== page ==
In the Feb. 26 release of the interim United Nations Framework Convention on Climate Change report, Secretary-General António Guterres boldly declared 2021 the “make or break year” for the planet. The report found the 2030 Nationally Determined Contributions (NDCs) emissions-reduction pledges of 75 countries to be wholly inadequate. Global greenhouse gas emissions would only be cut by about 1%, far short of the 65% cut in carbon emissions from January 2020 levels needed by 2030 to have a 67% probability of limiting global warming to 1.5°C above pre-industrial levels and to meet the goals of the 2015 Paris Agreement.
The science and global carbon budget for limiting warming to 1.5°C are clear. The remaining budget at the beginning of 2020 was 340 gigatons of carbon dioxide, which means that if the world achieves a 65% reduction of CO₂ emissions by 2030 and zero emissions by 2040, we can expect warming to be kept at about 1.5°C.
The time to act is now. The most significant climate event since the 2015 Paris Agreement—when all parties agreed to pursue efforts to limit the global temperature increase to 1.5°C—will take place this November. At the 2021 U.N. Climate Change Conference (COP26), countries must submit their updated 2030 NDCs. To date, only the European Union, the United Kingdom, and Denmark have committed to significant 2030 emissions reductions from 1990 levels: 55%, 68%, and 70%, respectively. Much, much more is needed to reach the critical goals.
Fortunately, the U.S. is now poised to lead in this endeavor, as COP26 will be the first U.N. climate change conference the country will attend since rejoining the Paris Agreement. All eyes will be on its updated NDC pledge. This figure should be announced before April 22, when President Biden will host world leaders for a summit “aimed at raising climate ambition.” The country must persuade other nations to follow suit by setting a minimum 2030 NDC of a 65% emissions reduction from 2005 levels, in line with the 1.5°C carbon budget. Additionally, the U.S. must work with the EU, China, and India to be similarly ambitious, as these four entities are responsible for 58% of global CO₂ emissions.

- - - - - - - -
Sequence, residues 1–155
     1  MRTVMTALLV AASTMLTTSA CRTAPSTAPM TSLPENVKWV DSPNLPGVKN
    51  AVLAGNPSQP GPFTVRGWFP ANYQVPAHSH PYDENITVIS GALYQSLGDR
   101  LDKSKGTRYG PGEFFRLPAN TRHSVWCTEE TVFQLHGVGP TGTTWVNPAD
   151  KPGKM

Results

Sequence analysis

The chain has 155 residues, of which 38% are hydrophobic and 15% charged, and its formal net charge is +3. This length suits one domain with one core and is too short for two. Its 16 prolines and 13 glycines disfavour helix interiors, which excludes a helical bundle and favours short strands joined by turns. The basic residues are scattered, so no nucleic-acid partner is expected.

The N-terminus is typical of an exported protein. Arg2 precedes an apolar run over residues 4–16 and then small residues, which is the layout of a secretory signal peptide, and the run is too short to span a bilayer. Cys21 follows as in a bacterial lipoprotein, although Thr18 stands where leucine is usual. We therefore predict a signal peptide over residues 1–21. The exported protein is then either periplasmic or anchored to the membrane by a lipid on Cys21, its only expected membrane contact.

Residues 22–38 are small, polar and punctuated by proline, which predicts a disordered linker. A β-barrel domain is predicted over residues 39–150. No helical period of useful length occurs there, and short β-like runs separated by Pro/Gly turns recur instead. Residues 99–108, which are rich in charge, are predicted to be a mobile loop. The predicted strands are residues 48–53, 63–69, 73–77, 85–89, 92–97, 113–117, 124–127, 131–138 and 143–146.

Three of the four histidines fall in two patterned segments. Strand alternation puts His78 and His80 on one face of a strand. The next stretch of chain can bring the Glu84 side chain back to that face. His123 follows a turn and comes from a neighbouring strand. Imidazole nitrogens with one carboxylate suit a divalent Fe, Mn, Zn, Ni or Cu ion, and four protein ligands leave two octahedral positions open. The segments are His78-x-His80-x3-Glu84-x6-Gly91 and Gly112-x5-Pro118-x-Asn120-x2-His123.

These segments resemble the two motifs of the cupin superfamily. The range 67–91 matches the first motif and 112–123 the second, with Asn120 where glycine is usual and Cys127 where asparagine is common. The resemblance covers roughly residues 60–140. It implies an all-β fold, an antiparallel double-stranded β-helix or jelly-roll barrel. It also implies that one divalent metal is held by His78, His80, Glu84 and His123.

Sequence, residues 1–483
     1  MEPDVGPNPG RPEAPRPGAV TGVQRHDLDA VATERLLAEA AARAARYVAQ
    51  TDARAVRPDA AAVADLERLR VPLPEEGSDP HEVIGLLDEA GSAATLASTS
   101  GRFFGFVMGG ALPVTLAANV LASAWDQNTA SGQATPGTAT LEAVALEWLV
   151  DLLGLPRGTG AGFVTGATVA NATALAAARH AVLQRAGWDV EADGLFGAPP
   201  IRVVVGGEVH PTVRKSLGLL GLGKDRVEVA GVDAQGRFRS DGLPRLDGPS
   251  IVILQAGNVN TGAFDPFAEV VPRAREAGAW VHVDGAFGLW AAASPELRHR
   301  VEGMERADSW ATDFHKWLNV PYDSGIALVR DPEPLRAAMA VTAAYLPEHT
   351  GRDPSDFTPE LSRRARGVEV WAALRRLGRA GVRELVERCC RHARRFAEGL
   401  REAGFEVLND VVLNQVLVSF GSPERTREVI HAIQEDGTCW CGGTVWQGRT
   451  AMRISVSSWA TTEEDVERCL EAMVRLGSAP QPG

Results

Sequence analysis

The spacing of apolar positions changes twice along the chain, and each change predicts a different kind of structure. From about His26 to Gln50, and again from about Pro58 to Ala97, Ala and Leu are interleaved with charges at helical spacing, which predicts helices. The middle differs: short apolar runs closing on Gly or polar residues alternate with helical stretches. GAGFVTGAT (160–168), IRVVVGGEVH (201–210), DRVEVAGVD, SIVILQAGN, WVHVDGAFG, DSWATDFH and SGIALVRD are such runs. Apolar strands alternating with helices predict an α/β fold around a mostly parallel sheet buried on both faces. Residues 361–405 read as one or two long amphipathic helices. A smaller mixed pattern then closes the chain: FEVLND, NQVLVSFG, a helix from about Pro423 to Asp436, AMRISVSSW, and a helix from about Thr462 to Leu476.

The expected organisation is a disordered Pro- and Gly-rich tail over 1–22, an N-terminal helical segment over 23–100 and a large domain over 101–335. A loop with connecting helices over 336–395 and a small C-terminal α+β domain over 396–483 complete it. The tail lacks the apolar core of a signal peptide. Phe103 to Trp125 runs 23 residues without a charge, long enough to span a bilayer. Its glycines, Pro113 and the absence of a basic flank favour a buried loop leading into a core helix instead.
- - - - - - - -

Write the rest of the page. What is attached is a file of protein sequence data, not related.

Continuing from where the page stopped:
The U.S. can lead other nations with confidence and the knowledge that a 65% reduction is achievable. Why? U.S. carbon emissions today are already down 23% from 2005 levels. The building sector, the country’s largest energy consumer, continues to reduce its emissions and is now 30% below 2005 levels, ahead of the U.S. Paris Agreement’s NDC of a 26% to 28% reduction by 2025. The Biden pledge of a clean electricity grid by 2035 should further cut emissions from the building sector, surpassing the targeted 65% reduction, and also drive emissions down in other sectors.
Prior to COP26, the world’s largest professional planning, design, and construction organizations will meet to demonstrate the significant actions our industry is taking to work within the 1.5°C carbon budget. With urban environments responsible for more than 75% of all annual global emissions—predominantly generated by day-to-day building and infrastructure operations, the manufacture of materials, and construction—we can show what is practically possible and embolden all governments to do the same.
This story has been updated since first publication.
Learning how to design, plan, and build for a 1.5°C carbon budget and world is critical. To see the recorded sessions from the Architecture 2030 Teach-In that occurred in September 2020, visit carbon-positive.org.